Per the following chart, many states have racked up over $20,000 of liabilities per capita, a level from which it will be very difficult to recover absent benefit cuts, massive tax hikes and/or a federal bailout.
Looking at pensions on a standalone basis, New Jersey, Illinois and Alaska remain the most at risk with underfunded liabilities equal to over $10,000 per person living in those states. Meanwhile, only Wisconsin and South Dakota have fully funded plans.
But, as the CATO Institute points out, the pension crisis is likely much worse than what most auditor reports would suggest because discount rates of 7.4% are unreasonably high. CATO estimates that reducing the discount rate from 7.4% to 2.7% would increase state pension underfunded liabilities from $1.2 trillion to $3.4 trillion.
Pension shortfalls are actually larger than these figures indicate. Those are the officially reported figures, but financial experts think that the discount rates used to report pension liabilities are too high. Higher discount rates reduce reported liabilities and create an overly optimistic picture of pension plan health.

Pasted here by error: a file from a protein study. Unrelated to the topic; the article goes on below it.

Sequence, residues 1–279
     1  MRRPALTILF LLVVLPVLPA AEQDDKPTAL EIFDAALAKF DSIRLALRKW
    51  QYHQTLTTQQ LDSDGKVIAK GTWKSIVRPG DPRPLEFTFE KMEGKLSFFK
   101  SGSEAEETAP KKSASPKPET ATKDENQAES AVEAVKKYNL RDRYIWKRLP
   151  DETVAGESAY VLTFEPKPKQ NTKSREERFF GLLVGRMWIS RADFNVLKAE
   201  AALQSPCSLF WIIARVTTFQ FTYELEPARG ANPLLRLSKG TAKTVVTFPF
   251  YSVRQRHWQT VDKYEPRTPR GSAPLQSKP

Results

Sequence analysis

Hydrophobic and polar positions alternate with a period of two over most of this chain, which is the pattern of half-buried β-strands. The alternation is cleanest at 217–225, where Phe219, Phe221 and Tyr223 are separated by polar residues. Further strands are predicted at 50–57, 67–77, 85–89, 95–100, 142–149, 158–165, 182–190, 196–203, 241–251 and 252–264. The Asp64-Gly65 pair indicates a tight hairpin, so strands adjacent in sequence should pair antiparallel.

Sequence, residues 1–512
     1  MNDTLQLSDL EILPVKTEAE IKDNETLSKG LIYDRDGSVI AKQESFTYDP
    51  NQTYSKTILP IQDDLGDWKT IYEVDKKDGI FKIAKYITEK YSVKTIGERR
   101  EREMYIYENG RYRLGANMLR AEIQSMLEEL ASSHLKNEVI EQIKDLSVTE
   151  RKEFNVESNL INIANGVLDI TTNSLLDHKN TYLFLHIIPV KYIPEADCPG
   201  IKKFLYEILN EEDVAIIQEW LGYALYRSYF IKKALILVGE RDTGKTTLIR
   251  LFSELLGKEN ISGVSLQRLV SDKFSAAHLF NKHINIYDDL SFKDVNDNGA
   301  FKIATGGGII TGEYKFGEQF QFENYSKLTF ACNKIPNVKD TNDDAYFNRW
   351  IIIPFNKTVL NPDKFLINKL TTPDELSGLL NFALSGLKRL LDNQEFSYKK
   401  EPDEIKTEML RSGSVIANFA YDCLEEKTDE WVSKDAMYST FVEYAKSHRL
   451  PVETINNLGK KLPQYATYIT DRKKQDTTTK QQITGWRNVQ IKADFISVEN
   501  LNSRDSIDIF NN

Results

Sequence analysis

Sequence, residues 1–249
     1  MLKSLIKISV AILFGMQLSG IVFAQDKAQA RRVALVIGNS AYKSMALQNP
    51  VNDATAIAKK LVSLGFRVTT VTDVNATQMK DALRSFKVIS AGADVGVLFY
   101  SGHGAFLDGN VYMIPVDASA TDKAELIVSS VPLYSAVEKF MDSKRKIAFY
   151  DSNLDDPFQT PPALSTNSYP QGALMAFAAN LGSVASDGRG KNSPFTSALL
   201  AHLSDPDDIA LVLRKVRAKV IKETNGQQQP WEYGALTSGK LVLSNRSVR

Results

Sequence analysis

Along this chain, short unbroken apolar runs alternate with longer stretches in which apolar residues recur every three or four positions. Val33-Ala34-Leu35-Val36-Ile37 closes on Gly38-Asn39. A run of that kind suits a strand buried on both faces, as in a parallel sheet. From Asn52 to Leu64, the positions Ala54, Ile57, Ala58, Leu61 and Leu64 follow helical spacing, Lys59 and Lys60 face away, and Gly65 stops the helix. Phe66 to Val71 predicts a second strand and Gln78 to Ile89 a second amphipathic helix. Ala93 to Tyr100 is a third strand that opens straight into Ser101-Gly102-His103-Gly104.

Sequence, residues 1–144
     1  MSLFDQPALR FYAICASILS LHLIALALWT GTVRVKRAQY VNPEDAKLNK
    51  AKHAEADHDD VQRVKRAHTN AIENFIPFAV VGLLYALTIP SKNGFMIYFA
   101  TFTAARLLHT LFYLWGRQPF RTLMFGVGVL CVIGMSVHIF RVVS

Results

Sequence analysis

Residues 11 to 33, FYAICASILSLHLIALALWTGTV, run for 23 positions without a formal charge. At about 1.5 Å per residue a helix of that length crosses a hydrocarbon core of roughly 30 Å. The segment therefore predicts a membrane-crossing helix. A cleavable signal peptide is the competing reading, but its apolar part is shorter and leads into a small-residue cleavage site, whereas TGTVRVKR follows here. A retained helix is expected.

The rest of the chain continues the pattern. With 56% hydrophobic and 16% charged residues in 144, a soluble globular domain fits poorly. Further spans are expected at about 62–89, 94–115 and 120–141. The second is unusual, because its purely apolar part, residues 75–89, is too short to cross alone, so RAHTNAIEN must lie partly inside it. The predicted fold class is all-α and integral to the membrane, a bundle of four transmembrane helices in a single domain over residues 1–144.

In his study, Rauh recalculated pension plan funding using a 2.7 percent discount rate, rather than the official average rate of 7.4 percent. His recalculated unfunded liability jumps from $1.2 trillion to $3.4 trillion. Similarly, Munnell and Aubry found that their unfunded pension liabilities jumped to $4.1 trillion if plans are estimated using a 4 percent discount rate. Under that assumption, the funding level of state and local pension plans averages just 45 percent.
Unfortunately, the pension ponzi becomes more and more unsustainable each year with funds simply borrowing from future benefit payments, which are almost certainly impaired in many states, while paying current benefit recipients in full. While these types of "kick the can down the road" games can be played for a long time, eventually the massive underfundings will have to be addressed...and that will not be a pretty day.